ericg
Contributor
Contributor

Why use anything but ESXi

Alright, I see the advantages of what VMware is now calling ESXi (beyond it being Free). My question is, why would I want to use the full version of ESX 3x with a Service Console for my fully licensed Hosts managed wiht VirtualCenter?

I mainly manage ESX 3.0.2 with shared storage and Enterprise Licensing. Plus some stand alone ESX 3.0.2 hosts.

Currently, we run the Dell OpenManage in the SC and I dump VM's to local VMFS using VMBK and pick them up with a Veritas Netbackup client in the SC. Other than that, the SC gives our Security team something to whine about without understanding what it is and why their CVE's don't apply - making it impossible to be compliant.

So, what are people doing? Are others looking to migrate away from the SC's on Hosts, provided you can monitor Hardware and get VM's backed up other ways? Any caveates I am not considering? I am preparing to upgrade my production environment from 3.0.2 to 3.5 u2 using new installations. ESXi appears to greatly simplify the Host environment.

I appreciate your feedback!

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12 Replies
nick_couchman
Immortal
Immortal

I like the full version of ESX over ESXi mainly because of the service console. It allows me to install my own backup software, monitoring software, etc., into the VMware environment and keep an eye on my ESX hosts. Although I do use ESXi, I lose a lot of that ability with ESXi due to the severely crippled service console (not to mention the fact that it's "unSupported"). Also, we do most of our monitoring via SNMP, and ESXi does not support SNMP monitoring, so that defeats our ability to monitor health and performance of hosts that run ESXi

Other than those things, ESXi is very nice - I like being able to boot via a USB key, and a free license is always good. The free license comes with the price, though - and VMware would love for that price tag to be the purchase of a VirtualCenter server :-).

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lmonaco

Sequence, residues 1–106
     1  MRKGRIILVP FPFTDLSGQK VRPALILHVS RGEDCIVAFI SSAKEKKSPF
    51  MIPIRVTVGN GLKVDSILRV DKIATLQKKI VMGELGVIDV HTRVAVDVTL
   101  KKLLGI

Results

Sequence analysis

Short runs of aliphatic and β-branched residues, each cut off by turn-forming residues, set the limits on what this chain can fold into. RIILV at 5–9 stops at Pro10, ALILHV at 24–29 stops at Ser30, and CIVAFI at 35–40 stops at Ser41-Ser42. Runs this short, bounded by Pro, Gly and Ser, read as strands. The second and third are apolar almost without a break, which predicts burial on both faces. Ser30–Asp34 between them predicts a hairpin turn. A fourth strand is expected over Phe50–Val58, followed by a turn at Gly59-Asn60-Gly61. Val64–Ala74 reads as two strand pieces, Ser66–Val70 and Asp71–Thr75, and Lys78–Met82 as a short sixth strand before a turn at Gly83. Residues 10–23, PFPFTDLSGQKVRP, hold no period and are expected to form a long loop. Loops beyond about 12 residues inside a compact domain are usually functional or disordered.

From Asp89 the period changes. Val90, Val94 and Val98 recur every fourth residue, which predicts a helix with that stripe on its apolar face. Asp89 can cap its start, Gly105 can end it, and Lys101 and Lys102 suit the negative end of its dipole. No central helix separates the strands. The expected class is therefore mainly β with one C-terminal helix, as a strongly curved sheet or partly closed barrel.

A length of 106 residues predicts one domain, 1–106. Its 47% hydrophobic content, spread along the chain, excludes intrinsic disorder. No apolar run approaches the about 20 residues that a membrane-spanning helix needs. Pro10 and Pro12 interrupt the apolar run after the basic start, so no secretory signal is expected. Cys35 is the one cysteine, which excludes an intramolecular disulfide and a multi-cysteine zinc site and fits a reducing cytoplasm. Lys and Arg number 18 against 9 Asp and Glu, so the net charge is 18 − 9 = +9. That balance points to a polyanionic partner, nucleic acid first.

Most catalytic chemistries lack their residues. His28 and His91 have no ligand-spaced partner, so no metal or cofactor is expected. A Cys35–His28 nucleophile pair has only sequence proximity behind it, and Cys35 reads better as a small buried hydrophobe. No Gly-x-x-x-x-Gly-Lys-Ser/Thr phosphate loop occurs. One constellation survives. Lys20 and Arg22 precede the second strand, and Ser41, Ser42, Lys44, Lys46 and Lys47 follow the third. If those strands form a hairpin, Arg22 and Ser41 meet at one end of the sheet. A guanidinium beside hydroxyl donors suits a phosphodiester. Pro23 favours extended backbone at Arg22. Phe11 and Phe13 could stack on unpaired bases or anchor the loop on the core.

Hot Shot
Hot Shot

Monitoring is the biggest roadblock for us not moving to i. Not only do we monitor hardware, but other system events like disk usage.

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amirs
Enthusiast
Enthusiast

See kb.vmware.com/kb/1006543 for differences between ESX and ESXi in some detail.

As stated above, the Service Console does provide certain benefits, but at a cost (aside from price). Because it is a standard Linux environment, it requires frequent patching and has the volnurabilities of a general purpose OS.

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thor918
Enthusiast
Enthusiast

does it support USB connected devices?

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Dave_Mishchenko
Immortal
Immortal

Neither ESX or ESXi support USB devices. If you need a USB device in your VM, then you can add a USB over IP device and give your VM access to the USB device that way.

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thor918
Enthusiast
Enthusiast

Hmm that was a drawback.

do you think it will be supported in the future?

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lmonaco
Hot Shot
Hot Shot

Maybe in a situation where VMotion is not used. VMware's recommendation is to use AnywhereUSB.

http://www.vmware.com/pdf/esx_anywhereusb2.pdf

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thor918
Enthusiast
Enthusiast

perhaps it not such a bad idea..

a hardware solution would probably move some unnessesary load on the server.

atleast some of the load, as you would require some software on the vmware guest.

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lmonaco
Hot Shot
Hot Shot

Yep. I think its more important (for most cases) to maintain that flexibility and compatibility with VMotion, DRS and HA.

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nick_couchman
Immortal
Immortal

Probably not - it defeats the portability of VMs by binding them to a specific host. We use the already mentioned AnywhereUSB product. The downsides to this device are: 1) it is USB 1.1 only, and 2) you cannot connect multiple machines to the AnywhereUSB device concurrently, which means you have to have 1 device per VM that requires a concurrent USB connection.

If anyone else has other suggestion for USB-over-IP devices that support USB 2.0 and that allow you to connect multiple computers to the same device and assign a USB port per connected computer, I'd much appreciate the information!

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mih
Contributor
Contributor

We use a Lantronix Ubx4100. It has 4 ports, and if you connect a usb hub to a port, you can assign each port on the hub to a (different) host. thus you get 16 ports. Im unsure about USB 2.0, we are mainly using it for license dongles. The manual does say USB 2.0. It also seems to be MS Windows only.

PS. Sorry for continuing the derail of the topic Smiley Wink

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balacs
Hot Shot
Hot Shot

See kb.vmware.com/kb/1006543 for differences between ESX and ESXi in some detail.

Here is a document (see appendix) which talks about what you can manage with ESX + OpenManage and ESX: http://support.dell.com/support/edocs/software/eslvmwre/EN/VES_3i/Systems%20Management%20Document/PD...

Bala

Dell Inc

Bala Dell Inc
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